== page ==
Kobe Bryant was about to report to the Lakers’ facility on Monday before soon finding out he would not practice. The reasons had less to do with the 37-year-old Bryant’s health. Instead, it had more to do with Bryant’s demeanor following the Lakers’ 103-93 to Dallas on Sunday where Bryant posted 15 points on only 3-of-15 shooting from the field and a 2-of-8 clip from 3-point range.
“I know he’s frustrated and I want him to take a day off to get away from it a little bit,” Scott said. “He’ll be all right tomorrow.”
The Lakers (0-3) sure hope so. They enter Tuesday’s game against Denver Nuggets (1-2) at Staples Center partly because Bryant has averaged 17.3 points on only 31.4 percent shooting through three games. That explains why Bryant became self critical of his play following Sunday’s loss to Dallas.
Without any hint of sarcasm, Bryant ranked himself “the 200th best player in the league.” Bryant repeatedly said, “I suck.” He also described his play with an unfavorable expletive.
“He’s the 200th best player?” Scott said, chuckling. Scott then turned serious.
“He’s just one of those guys that expects a whole lot more out of himself than most people,” said Scott, who said he had talked with Bryant about his play both on Sunday evening and on Monday morning. “He’s very hard on himself. For him to go at himself like he did shows how much he cares about playing well. But it also shows he’s human.”
Scott argued it also shows Bryant remains secure with criticizing himself, in hopes that his teammates adopt the same mindset.
“It also sends a message to the young guys that as hard as he is working, he’s not satisfied with the way he’s playing,” Scott said. “That lets others know they have to pick it up as well.”
Yet, Bryant did not chalk up the Lakers’ inexperience or bemoan where he took his shots. Quite the opposite. Bryant largely complimented Lakers rookie point guard D’Angelo Russell for setting himself up in the offense, only to lament for all of his missed jumpers.
“If he’s making the shots, we’ll keep feeding him. He has the opportunities. But whatever it is, he’s not making the shots,” Russell said. “He knows he’s in the gym 24/7. It’s not that he’s not putting in the work. It’s just the basketball Gods aren’t blessing him right now with making shots. But they’ll fall. Then we won’t be having this conversation.”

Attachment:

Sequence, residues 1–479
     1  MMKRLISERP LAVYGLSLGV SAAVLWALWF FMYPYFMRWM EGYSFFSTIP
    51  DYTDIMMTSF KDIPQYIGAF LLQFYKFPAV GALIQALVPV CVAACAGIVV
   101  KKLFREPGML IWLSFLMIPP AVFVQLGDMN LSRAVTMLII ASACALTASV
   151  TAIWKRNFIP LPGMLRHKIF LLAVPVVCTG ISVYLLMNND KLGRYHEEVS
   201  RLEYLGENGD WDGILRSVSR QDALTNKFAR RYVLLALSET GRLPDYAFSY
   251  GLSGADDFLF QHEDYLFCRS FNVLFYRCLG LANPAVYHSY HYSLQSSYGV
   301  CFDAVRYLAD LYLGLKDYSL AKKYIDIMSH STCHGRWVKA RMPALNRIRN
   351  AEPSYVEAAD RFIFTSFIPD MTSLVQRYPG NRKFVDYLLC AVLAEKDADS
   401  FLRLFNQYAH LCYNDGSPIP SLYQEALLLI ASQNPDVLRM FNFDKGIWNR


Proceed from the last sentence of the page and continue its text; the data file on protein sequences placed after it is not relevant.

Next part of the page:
Instead, Scott had a conversation with Bryant and suggested he should change his routine perhaps to ensure more energy after missing the last three exhibition games because of a bruise in his lower left leg. Scott also envisions Bryant will play around 60-plus regular season games when accounting for any games he might rest, likely on some or all of the Lakers’ 18 sets of back-to-backs.
Through the Lakers first two regular-season games, Scott had said he wished Bryant reduced his high volume of 3-point shots and score more from the post and elbows. But despite Bryant taking several contested jumpers in isolation against Dallas, Scott maintained he felt mostly fine with Bryant’s shot selection.
“He did a much better job of getting to the basket. He took some of the shots we have been talking about,” Scott said. “I’m fine with his shot selection right now. All of us can be a little bit better. It’s everybody’s on the team. And that’s when we get down. When we get down, we start pressing.”
Bryant certainly appeared as if he was pressing when his shot continued to rim out. Hence, Bryant’s continued criticism.
“He really feels that it is his fault,” Scott said of Bryant. “He’s not playing the way he’s capable of playing. He’s going to play that way and get to the Kobe that we know.It’s just three games into the season. It’s still very early. I’m not worried about it.”